From left to right: Bobi Odiko, East African Legislative Assembly; Abdou Sane, Senegal; Saber Chowdhury, Bangladesh; Alex Byarugaba, Uganda; and Abdirahim H.Abdi, Speaker of East African Legislative Assembly. Not pictured: Saumura Tioulong, Cambodia.
By Dizery Salim
GENEVA, 21 December 2011 – Members of parliament from Bangladesh, Cambodia, Senegal, Uganda and the East African Legislative Assembly came together in Geneva this week to agree on the establishment of a Global Advisory Group for parliamentarians with UNISDR’s Special Adviser on Parliamentarians, Feng Min Kan.
Saber Hossain Chowdhury, a member of parliament from Dhaka, Bangladesh, said parliamentarians in his country were instrumental in pushing for action on climate change, and for drawing a connection between the changing climate and increased disaster risk.
“The link between disaster risk reduction and climate change is being recognized in Bangladesh’s official policy and even the budget office,” said Mr. Chowdhury, who added that Bangladeshi members of parliament were currently drafting a law to support the new policy.
But more needed to be done to create demand within government for new legislation, and for increasing the effectiveness of existing legislation and its eventual implementation, other parliamentarians said.
UN Special Representative of the Secretary-General for Disaster Risk Reduction, Margareta Wahlström, in her exchange with the parliamentarians in Geneva, called on members of parliament around the world to use their legislative power to promote good international governance.
“In the summer of 2012, the international community will enter discussions on a new framework for sustainable development at the World Conference on Sustainable Development. Disaster risk reduction will certainly figure in those talks,” said Ms. Wahlström.
“The question is how to make disaster reduction effective inside communities, where the real disaster risk reduction takes place. With enough support from UNISDR, parliamentarians can play a useful role, by working with both federal and local government officials to draft common-sense laws that are practical and actionable.”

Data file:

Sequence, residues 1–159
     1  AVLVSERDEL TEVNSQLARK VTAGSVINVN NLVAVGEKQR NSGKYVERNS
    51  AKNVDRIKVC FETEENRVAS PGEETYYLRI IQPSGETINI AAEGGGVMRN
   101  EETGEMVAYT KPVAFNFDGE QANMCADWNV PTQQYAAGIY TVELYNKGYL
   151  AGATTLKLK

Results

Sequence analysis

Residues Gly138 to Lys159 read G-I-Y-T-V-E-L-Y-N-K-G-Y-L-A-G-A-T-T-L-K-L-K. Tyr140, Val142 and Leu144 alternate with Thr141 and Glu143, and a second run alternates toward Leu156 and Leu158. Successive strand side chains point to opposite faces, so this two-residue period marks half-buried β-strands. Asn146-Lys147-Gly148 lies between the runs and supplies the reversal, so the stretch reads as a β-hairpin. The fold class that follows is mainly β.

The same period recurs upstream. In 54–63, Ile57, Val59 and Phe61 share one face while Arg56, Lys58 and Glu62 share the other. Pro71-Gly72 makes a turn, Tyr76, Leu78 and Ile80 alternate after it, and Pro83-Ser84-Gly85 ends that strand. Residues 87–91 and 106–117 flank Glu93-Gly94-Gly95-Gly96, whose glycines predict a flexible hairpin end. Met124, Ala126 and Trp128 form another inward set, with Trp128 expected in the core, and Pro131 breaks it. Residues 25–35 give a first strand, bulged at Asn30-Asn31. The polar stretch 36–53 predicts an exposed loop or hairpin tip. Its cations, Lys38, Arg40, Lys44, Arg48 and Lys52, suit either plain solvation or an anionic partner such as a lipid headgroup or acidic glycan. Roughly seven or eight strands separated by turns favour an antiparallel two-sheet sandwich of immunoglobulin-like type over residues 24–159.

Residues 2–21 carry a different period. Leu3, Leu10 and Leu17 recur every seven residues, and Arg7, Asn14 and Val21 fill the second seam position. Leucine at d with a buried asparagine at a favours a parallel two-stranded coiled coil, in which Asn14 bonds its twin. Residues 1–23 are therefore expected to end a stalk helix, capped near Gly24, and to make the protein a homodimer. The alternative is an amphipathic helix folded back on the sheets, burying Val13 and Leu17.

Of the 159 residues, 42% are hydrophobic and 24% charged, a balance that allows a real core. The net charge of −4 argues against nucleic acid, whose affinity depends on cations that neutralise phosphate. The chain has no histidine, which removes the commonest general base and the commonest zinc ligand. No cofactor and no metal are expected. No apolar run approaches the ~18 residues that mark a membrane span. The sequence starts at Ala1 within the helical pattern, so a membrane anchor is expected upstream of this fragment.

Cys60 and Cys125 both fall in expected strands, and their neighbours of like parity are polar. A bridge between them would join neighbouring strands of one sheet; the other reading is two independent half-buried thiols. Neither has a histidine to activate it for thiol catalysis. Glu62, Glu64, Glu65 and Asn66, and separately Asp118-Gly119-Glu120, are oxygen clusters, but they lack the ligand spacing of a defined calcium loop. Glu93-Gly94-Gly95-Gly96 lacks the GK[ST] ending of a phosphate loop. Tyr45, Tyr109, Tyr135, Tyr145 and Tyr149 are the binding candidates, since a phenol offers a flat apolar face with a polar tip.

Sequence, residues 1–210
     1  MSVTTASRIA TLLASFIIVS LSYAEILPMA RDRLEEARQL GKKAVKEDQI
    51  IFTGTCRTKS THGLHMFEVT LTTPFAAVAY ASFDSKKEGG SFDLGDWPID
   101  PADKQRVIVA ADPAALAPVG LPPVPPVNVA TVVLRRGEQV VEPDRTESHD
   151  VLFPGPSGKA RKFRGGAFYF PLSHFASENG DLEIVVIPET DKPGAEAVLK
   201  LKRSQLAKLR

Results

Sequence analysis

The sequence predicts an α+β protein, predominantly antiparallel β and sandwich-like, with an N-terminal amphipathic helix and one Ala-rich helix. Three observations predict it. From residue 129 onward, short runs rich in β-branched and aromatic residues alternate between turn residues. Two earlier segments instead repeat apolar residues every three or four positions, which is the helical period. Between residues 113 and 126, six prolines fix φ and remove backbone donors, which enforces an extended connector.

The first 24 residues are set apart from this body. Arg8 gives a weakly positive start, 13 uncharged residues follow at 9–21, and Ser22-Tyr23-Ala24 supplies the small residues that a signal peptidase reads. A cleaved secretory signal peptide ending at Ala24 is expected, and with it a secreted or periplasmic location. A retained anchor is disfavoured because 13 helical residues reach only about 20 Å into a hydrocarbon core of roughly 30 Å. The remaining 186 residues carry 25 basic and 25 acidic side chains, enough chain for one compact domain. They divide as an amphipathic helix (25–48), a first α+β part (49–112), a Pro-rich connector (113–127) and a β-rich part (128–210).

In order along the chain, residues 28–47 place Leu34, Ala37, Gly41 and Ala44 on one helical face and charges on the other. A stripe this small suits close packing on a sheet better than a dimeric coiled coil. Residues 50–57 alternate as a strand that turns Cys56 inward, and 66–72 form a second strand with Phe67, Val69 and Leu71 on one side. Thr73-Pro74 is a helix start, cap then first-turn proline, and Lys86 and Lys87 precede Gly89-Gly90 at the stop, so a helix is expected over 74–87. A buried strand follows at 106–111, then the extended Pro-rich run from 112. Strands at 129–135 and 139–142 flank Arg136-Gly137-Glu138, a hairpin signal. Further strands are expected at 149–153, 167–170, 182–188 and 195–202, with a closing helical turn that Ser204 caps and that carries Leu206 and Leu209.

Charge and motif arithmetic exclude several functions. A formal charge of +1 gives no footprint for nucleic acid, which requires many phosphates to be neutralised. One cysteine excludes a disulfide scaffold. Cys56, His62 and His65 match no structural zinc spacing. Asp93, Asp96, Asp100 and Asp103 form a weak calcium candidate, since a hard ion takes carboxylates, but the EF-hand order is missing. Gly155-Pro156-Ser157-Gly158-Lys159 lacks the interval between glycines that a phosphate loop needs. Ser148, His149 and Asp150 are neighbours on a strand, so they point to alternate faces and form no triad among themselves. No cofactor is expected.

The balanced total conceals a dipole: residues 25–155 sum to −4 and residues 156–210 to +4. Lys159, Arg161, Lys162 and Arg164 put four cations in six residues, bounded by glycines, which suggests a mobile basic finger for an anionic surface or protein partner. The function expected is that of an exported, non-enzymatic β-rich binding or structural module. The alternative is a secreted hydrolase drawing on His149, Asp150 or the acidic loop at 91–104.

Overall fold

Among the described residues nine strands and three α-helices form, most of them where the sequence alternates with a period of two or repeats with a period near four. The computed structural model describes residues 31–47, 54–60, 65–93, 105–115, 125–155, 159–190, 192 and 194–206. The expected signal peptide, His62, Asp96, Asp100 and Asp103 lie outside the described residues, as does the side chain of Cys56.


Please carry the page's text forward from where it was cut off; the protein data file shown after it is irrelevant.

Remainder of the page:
Already, strong support from the speaker of parliament in Senegal had helped generate a lot of interest in other West African countries such as Mali, Niger and Benin, according to Abdou Sane, a member of Senegal’s National Assembly.
The same energy and enthusiasm is also evident within countries – members of parliament had helped disaster risk reduction take root in Uganda’s new parliament, said Alex Bakunda, Chairman of the Foreign Affairs Committee in that country’s lower house.
“Around 70 parliamentarians have joined the Parliamentary Forum and nine have formed an executive committee to support the implementation of a newly-approved national policy on DRR,” said Mr. Bakunda.
Saumura Tioulong, a member of parliament from Cambodia, described parliamentarians as the hub of a wheel with many spokes, representing stakeholders ranging from scientists and members of the media, to civil society and local governments. “Parliamentarians are able to create links between people of different agendas. They are also able to bring together actors with local, national, regional or international outlooks.”
Building political will among parliamentarians themselves, across party lines, is another big concern, as well as ensuring appropriate accountability by the responsible government ministries, explained Ms. Kan, the UNISDR Special Adviser on Parliamentarians.
“It is important to empower parliaments as an institution. Building the capacity of individual members of parliament cannot be overemphasized. They need technical information and research assistance for their advocacy, and anything UNISDR can do to help them raise public awareness among their constituents is essential to our common success.”